Critical Apparatus for this Page
Commentary on the Text
Names and Places on this Page
Unavailable for this Edition
1579 [1579]

K. Edvvard. 6. M. Yonges letter to M. Cheke. W. Gardiner, Martyr.

Marginalia1551.
Nothyng to be worshipped that may be seene.
which we see wyth our eyes, and is lyfted vp betwene the Priests handes: he aunswered that nothing whych was visible and to be seene wyth the eye, is to be adored or worshipped, nor that Christ woulde be eleuated into any hygher or pulled downe into anye lower place, and that he can neyther be lyfted vp hygher, nor pulled down lower.

[Back to Top]

MarginaliaThe Sacramēt not to be caryed about.Agayne, beyng asked what his iudgement was about the custome and maner in carying about the Sacrament in solemne pompes, processions and otherwyse: he sayd that he alwayes misliked and reproued that order: In so much that about. xvj. yeares agone openly in the pulpyt at Cambridge he spake agaynst that abuse and disalowed that ceremonye, shewing that Christ had expressed by playne and euident wordes a very fruitfull and right vse of thys sacrament, whē he sayd Take ye: (by which phrase quoth he, he doth expresse that he wyll gyue a gyft): Eate ye: (by which wordes he doth declare the proper vse and order of that hys precious gyft): This is my body: (wherby he doth euidently and playnlye shewe what by that gyft they should receiue and how royall and precious a gyfte he would giue them): and therefore he iudged such pompous and superstitious ostentations vtterly to bee condempned and taken away as playn mockeries and coūterfayte visars.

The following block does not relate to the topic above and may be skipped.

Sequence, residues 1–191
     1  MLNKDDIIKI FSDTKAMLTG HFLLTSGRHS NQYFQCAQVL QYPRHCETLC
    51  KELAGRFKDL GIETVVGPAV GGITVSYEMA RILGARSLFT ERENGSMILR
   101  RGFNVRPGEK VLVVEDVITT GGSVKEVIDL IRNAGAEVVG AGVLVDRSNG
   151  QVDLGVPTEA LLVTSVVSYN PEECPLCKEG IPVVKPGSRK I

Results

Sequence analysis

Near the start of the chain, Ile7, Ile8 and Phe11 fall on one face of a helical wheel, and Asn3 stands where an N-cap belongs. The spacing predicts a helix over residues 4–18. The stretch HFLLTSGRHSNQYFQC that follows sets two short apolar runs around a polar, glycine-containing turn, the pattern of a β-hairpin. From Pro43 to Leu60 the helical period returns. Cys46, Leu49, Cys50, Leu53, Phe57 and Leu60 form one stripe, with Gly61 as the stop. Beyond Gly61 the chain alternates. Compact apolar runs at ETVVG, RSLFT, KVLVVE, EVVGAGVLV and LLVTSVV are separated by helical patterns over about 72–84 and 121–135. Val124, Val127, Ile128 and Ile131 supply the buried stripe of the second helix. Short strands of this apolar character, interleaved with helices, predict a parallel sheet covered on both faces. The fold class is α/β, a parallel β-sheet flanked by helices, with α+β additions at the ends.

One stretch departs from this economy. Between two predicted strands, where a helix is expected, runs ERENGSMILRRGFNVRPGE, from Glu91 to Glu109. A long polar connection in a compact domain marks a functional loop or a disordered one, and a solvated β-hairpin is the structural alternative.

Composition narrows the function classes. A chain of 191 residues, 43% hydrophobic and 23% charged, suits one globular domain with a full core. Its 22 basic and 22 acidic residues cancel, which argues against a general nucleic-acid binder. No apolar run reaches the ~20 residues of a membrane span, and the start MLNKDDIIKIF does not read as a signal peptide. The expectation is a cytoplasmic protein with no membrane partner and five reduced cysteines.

[Back to Top]

His iudgement also being asked about the commemoration of the dead, and the remembraunce of them in Orisons, whether he thought it profitable or no: he answered that it seemed to him to be no lesse profitable than religious and godly: and that might be wel proued out of the bookes Machabees. MarginaliaIn thys poynt the iudgement of Doctor Redman is not to be followed.The which bookes although Sainct Hierome adiudging as not authentike, thought good to be read in the Temples onely for the edifying of the church, & not for the assertion of opinions: yet with mee the opinion of the other wryters, to whome those bookes are allowed as Canons, preuayleth: which he in that point thinketh good to be read. 

Commentary  *  Close

Redman's belief in the merits of prayers for the dead seems to contradict the third point in the list Nowell compiled, which denied Purgatory. It also drew a sharp response from Foxe who, in a marginal note, observes that Redman's judgment on this point.

[Back to Top]

Being furthermore requyred to shew his mynde about trentall Masses and Masses of Scala cœli, 

Commentary  *  Close

These are both series of Requiem Masses, celebrated to mitigate the punishments inflicted on departed souls in Purgatory.